Cell phones have really changed the way of communications over the last few years and are the most used communication tool today. The usage is not limited to communication, and it has become everybody’s mean for internet access, social media, online shopping and not to forget the “All in One” gadget which has replaced clocks, cameras, music players, radio, landlines and so on. The small gadget is a basic necessity for every person and provides all the above amenities on the move as well. In many parts of the country, cell phones are the sole mean to connect to internet. It is no surprise that everyone wants to be connected without any disruption. The only factor which is variable in today’s world is the network coverage which is dependent on your Mobile Network Operator (MNO).
MNOs are working on a daily basis to extend their coverage to every remote nook and corner of the globe to make the connectivity possible for everyone. However, they face various challenges to provide efficient coverage – Return of Investment, Affordability and Connectivity being the major pain points. It takes a considerable investment to connect rural and remote areas especially on terrestrial media like fibre. Moreover, the customer expectation is to get the data at affordable prices irrespective of the media used and at par with the prices prevailing in other parts of the world. The popularity of bandwidth heavy applications like video and social media adds to the woes of user experience and efficient bandwidth management to maintain high level connectivity. The cellular backhaul on satellite is the ready-made solution to address the issues which MNOs are facing and can help them garner subscribers ensuring enhancement of coverage.
Despite connectivity being an integral part of Government’s Digital India program, there are still thousands of villages which are lacking cellular services. Apart from the rough terrain, MNOs don’t find it lucrative enough to connect these villages due to connectivity issues and heavy investment needed. The rural digital inclusion is also a primary focus for the Government and various steps are being taken in that direction through USOF and MNO efforts. In a significant step towards achieving these objectives through satellite, DCC (Digital Communications Commission) has cleared satellite connectivity for telecom networks clearing the regulatory hurdles. The emergence of High Throughput Satellites (HTS) and NGSO satellites, evolution of ground segment and the push to connect rural areas with quality coverage has pushed Satellite Backhaul to be looked as the most preferred solution and is no longer considered to be a niche application for satellite connectivity.
MNOs have a misconception that satellite is too expensive, and the available capacity is too small to cater to their needs. Also, satellite networks have generally been deemed as complex. However, the advent of HTS and NGSO is driving the costs lower and the capacities have grown manifold in the past few years. Another important aspect, which only Satellite networks have, is to use the same bandwidth among multiple sites using MF-TDMA technology thereby driving the costs further lower and making it affordable. The L2 transport option makes these networks identical to the terrestrial backhaul. The remote footprint has also become smaller, weather resistant with an all-outdoor setup and power efficient thereby making it easier to work on DC power or solar panels without the needs of civil and electrical infrastructure. It is noteworthy to mention that the upcoming NGSOs with all the features mentioned above will have a lower latency and huge bandwidth quantum to cater to the needs of MNOs. To address the complexity, satellite backhauls are being offered as managed services and the MNOs need not invest in acquiring satellite capacity or establishing ground infrastructure. Satellite backhaul can also be used as a backup to terrestrial connectivity for metros and urban sites to enhance the uptime and reliability using diverse paths.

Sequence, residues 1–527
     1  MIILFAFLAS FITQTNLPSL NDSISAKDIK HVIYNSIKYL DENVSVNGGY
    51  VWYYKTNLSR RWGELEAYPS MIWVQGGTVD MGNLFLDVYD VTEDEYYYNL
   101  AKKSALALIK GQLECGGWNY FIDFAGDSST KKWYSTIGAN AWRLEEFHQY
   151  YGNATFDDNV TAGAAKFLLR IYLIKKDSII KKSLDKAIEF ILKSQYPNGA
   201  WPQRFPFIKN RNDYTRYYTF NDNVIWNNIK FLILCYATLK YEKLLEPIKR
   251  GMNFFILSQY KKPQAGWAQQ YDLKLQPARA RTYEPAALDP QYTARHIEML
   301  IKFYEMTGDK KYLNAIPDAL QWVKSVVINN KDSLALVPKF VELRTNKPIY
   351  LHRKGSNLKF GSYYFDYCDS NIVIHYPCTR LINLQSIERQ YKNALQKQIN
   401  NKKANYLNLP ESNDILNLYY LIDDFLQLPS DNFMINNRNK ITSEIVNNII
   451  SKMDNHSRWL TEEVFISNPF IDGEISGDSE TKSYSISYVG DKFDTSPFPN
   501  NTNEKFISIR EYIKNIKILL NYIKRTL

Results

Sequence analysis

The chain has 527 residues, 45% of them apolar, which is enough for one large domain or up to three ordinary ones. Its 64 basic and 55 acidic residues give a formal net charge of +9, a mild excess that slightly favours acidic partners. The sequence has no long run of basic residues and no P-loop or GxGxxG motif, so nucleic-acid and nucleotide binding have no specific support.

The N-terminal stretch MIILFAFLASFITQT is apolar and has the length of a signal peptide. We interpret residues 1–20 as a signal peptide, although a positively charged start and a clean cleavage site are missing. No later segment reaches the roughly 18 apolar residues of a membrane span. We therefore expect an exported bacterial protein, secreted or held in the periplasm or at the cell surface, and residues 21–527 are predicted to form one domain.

As people are becoming more accustomed to being connected online everywhere, the usage and demand of data has been growing exponentially. The access for connectivity on the move makes it prudent to use cell phones instead of laptops and PCs connected to the terrestrial media. Mobile phones have become the only mean to stay connected for people working from home, Online classes, and many other uses in these tough times of Covid-19. More and more remote and rural sites are shifting to 4G/LTE and even 5G has started looking up from the horizon. 5G will create higher demand for capacity and reach in the coming days and fibre cannot connect the remote sites in tough terrains like mountains, islands, and deserts. Satellite backhauls will complement the terrestrial media and a hybrid connectivity model is forward looking. This approach will help the MNOs to reach new markets, provide effective coverage and make it affordable for their subscribers.